FolkFire Reviews

September / October 1998 Issue

  • Various Artists: "Face the Creek"
  • Cathy Barton & Dave Para: "Crazy Quilt"
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  • Various Artists: "Face the Creek"
    by Donna Eckberg

    This CD compiled and produced by Childgrove Country Dancers celebrates and commemorates the dance weekends held over the past 15 years on the Lee farm near Kimmswick, Mo. The title was carefully chosen to evoke memories of the creek bottom site. Rock Creek was the focal point of activities during the warm days and was chosen as a reference point by Roger Diggle while calling Al Olsen’s Women’s Wall. “Face The Creek” became part of the dance and will always remind us of the Kimmswick site now lost to housing developers.
    This is a good sampler of old time bands performing live. This does make some selections rather long, ranging from four to eleven minutes. It is a great mix of young and older players. The youth category comes on strong with fiddlers Matt Wyatt on Marmaduke’s Hornpipe, Rhys Jones on Rye Straw and 12 year old Stephie Coleman sitting in with the Euphoria Stringband from Kansas. Bob Holt from Ava, Mo. holds the vintage end of the spectrum with Lonesome Polly Ann. He shows why he is regarded as one of the top square dance fiddlers. Filling out the continuum, no dance weekend is complete without the Ill-Mo Boys with Geoff Seitz pumping out Tomahawk. Barb Weathers makes her entry with Chasing The Banshee and I instantly recognized Mark Rennard’s playful, tongue-in-cheek style with the Flying Mules on Oklahoma Red Bird.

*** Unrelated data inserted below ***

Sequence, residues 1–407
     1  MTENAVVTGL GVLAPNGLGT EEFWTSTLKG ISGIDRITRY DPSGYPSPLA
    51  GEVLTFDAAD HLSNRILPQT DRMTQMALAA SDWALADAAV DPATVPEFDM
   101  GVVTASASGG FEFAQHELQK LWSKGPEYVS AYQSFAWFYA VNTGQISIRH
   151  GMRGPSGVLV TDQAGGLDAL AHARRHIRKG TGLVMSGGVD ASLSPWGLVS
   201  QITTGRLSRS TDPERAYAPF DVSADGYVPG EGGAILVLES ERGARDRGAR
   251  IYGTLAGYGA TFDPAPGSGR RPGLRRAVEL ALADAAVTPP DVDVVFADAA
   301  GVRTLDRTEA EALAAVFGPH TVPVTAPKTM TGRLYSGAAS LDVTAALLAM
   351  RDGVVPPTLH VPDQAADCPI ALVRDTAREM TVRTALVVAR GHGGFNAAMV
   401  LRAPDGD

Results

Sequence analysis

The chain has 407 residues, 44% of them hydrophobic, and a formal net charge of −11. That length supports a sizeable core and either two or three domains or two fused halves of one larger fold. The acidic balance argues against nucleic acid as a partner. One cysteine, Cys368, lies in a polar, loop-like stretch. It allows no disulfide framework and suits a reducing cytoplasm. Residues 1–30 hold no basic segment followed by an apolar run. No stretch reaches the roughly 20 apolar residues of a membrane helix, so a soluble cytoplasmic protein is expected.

Two bonus cuts here include a selection from Crazy Rhythm at an afternoon swing dance with their vintage style. The boys stretch out on a Cab Calloway classic, A Chicken Ain’t Nothin’ But A Bird, showing off their chops and giving the dancers plenty to chew on. The other is a late night entry by Roger Diggle’s one-man band on guitar and lips, whistling a swingy rendition of Ross’ Reel No. 4. This ends the project on a spontaneous note and reminds us the dancing will continue regardless of obstacles or change. (P.S. The CD will be available at Kimmswick.)
    Cathy Barton & Dave Para: "Crazy Quilt"
    by Andrew Limanni

    It is truly a delight and pleasure to be able to present to you the latest release of that most versatile and talented duo of mid-Missouri folk artists, Cathy Barton and Dave Para. In the five years that this newsletter has been around, I have had the luck to review all of their CD’s. I can only say, in all that time, with singer-songwriters coming and going, with good and not-so-good folksingers appearing and disappearing on these pages, it is a treat to come home to artists that consistently produce music at the highest caliber and warmth and honesty. And as to quality, it seems that the sheer talent of these two just floats up off the top of the CD player and starts flying around the room above one’s head.
    The latest effort, Crazy Quilt, is truly that, and includes lots of personal favorites of Cathy and Dave. Although it’s not a perfect CD (after all, it doesn’t include Marmaduke’s Hornpipe), it does contain, among others: a simultaneously cheerful and tragic folksong about a carpenter, soulful ballads, a Mormon song, absolutely great dance tunes, a blues, a new a cappella song of great spiritual power (Call Down), love songs, a Haitian merengue, Dave playing the didgeridoo (I’m not making any of this up), and of course, terrific hammered dulcimer playing by Cathy—her first claim to fame, but by now merely one arrow in her bulging artistic quiver.
    This may be the most delightful, enchanting and balanced work they have ever produced, and I heartily recommend it. It has been an honor to know them and hear their music for the last 15 years. You can find it for $15 at record stores or order it directly from them at P.O. Box 33, Boonville, MO 65233.
    Folk music does not get any better than this.